Below are some of the historic homes we found as we walked the streets of Beaufort.

Dr. Joseph Johnson’s House, “The Castle”

Known as “The Castle”, Dr. Joseph Johnson’s House on Craven Street was built in the late 1850’s. The Johnson family moved into the house in 1861 and later that same year Beaufort fell to Union forces. It then served as a Union hospital for wounded military during the Civil War.  Johnson buried the family silver and china on the property and was able to reclaim the home after the war. In the 1999 movie, Forces of Nature, this home was set as the backdrop in the wedding scene.

The Castle/Joseph Johnson House – 411 Craven Street

James Robert Verdier House, “Marshlands”

The James Robert Verdier House, also known as “Marshlands”, was built in 1814 by Dr. James Robert Verdier who discovered a treatment for yellow fever. It is designated a National Historic Landmark for its well-preserved early Beaufort architecture.

Marshlands/James Robert Verdier House

Berners Barnwell Sams House

Built in 1852, this Classic Revival home with large doric columns and plantation made brick was used as a hospital during the Civil War.

B.B. Sams House – 201 Laurens Street

Edgar Fripp House, “Tidalholm”

Tidalholm was built in 1853 by Edgar Fripp, then owner of Fripp Island. The home is mostly surrounded by the waters of Beaufort River. During the Civil War, it served as a Union Hospital for treatment of officers. This home is featured in the movies The Big Chill and The Great Santini.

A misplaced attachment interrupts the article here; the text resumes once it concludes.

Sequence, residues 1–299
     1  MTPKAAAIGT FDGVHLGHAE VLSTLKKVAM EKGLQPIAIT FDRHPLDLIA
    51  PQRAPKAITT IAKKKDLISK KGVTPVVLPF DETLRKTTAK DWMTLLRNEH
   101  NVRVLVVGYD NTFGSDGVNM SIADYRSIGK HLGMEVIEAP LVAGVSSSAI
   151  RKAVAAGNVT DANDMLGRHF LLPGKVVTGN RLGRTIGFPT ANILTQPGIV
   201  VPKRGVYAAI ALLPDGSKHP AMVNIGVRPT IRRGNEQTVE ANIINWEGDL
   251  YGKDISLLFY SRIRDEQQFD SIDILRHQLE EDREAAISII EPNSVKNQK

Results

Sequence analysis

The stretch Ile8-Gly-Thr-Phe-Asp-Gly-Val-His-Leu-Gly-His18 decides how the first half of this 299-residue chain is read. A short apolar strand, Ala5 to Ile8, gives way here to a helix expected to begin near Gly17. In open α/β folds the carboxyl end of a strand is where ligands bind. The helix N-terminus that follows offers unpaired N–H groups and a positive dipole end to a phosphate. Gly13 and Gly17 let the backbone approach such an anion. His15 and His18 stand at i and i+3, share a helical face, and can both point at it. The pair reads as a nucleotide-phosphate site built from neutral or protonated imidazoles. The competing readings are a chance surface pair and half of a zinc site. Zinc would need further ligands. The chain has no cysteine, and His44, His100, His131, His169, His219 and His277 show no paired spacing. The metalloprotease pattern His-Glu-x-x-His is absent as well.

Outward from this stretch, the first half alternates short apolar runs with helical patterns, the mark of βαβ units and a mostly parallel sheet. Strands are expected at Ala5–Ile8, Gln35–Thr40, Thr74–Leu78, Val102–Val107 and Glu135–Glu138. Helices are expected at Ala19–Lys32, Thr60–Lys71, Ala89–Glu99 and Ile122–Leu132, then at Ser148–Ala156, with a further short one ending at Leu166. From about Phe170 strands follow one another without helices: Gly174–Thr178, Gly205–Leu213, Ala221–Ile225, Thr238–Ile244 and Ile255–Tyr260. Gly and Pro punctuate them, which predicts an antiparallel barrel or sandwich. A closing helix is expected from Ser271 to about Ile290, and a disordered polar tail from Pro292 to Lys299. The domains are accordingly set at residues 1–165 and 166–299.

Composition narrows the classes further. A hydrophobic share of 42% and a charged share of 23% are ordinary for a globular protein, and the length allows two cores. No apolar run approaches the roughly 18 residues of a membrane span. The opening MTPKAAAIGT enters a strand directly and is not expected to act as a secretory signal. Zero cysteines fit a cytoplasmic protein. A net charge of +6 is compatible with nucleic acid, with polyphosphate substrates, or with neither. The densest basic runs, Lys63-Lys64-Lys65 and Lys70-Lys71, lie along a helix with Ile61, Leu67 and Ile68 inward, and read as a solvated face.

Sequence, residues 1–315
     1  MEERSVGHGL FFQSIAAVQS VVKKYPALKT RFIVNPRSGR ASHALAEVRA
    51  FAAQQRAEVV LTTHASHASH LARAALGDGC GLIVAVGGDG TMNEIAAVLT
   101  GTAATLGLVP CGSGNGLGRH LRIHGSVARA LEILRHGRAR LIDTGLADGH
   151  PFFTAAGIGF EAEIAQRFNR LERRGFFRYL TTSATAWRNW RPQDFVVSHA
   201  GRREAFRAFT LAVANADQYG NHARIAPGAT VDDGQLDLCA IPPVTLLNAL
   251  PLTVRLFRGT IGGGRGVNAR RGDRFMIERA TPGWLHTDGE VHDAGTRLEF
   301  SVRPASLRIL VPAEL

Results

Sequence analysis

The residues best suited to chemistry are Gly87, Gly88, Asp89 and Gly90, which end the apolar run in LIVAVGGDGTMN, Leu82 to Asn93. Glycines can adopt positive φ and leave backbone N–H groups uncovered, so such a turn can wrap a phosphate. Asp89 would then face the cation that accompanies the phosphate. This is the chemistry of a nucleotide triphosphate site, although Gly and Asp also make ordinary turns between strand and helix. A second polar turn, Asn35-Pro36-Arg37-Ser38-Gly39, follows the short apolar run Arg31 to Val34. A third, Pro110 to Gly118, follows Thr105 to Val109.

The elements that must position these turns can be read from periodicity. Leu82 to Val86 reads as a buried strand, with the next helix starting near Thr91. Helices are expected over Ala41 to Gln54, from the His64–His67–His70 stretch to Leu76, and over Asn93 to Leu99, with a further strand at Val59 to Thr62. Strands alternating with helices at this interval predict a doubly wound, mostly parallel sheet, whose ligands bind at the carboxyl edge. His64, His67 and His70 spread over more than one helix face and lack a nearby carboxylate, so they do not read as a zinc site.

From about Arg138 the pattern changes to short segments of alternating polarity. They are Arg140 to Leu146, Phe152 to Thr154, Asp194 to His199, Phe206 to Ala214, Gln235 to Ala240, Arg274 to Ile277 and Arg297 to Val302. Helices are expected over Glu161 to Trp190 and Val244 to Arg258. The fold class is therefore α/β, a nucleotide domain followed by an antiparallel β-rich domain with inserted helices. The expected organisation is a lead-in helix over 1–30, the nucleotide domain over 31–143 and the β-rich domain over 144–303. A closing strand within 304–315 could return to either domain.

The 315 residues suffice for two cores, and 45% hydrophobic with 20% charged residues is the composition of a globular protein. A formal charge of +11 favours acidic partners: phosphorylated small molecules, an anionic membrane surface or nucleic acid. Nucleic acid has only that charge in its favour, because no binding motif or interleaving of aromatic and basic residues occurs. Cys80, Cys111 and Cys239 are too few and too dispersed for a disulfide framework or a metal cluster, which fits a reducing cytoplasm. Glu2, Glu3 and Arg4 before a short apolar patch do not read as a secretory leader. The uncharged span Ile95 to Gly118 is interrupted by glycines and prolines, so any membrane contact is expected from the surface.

Tidalholm/Edgar Fripp House – 1 Laurens Street 

George Mosse Stoney House

This two-story, Greek Revival style home was built by Dr. Stoney around 1838.  The Union Army occupied this house from 1861 until 1865.

George Mosse Stoney house – 500 Port Republic Street

John Archibald Johnson House

This three-story house was built by Dr. Johnson in the 1850s. It was confiscated during the Civil War and used as a hospital. It is now privately owned.

John Archibald Johnson House – 804 Pickney Street

James Rhett House

Built in 1886 by James Rhett, a descendant of a powerful political family that led the Secession movement prior to the Civil War. It was initially built only one room deep and was referred to as  “Rhett’s Folly,” because he intended to make it two rooms deep but was later forced to change his plans for financial reasons.

James Rhett House, 303 Federal Street

First African Baptist Church

First African Baptist Church located at 601 New Street in Beaufort, South Carolina, was built in 1863 by freed slaves after the American Civil War. It is still active today.

First African Baptist Church – 601 New Street

Robert Smalls Home

This is the home of Beaufort’s most well-known resident, Robert Smalls. Robert was born into slavery at this home in 1839, to the household of John McKee. At 12 years old he was sent to work on the docks in Charleston by Mckee and he remained there until the outbreak of the Civil War. Robert gained fame for escaping slavery by piloting a Confederate ship past rebel forces at Charleston Harbor and delivering it to Union forces in Beaufort. After the war he returned to Beaufort and purchased his former master’s house. He later served in politics and was elected as the first African American Congressman.

Robert Smalls House – 511 Prince Street
Robert Smalls House – 511 Prince Street
Robert Smalls is buried with his family at the Tabernacle Baptist Church located at 901 Craven St, Beaufort, SC
Cumberland Island to Jekyll Island = 23.5 nm
Jekyll Island to Possum Point (Vernon River) = 77.5 nm
Possum Point (Vernon River) to Beaufort, SC = 55 nm

TOTAL miles to date: = 2,839 nm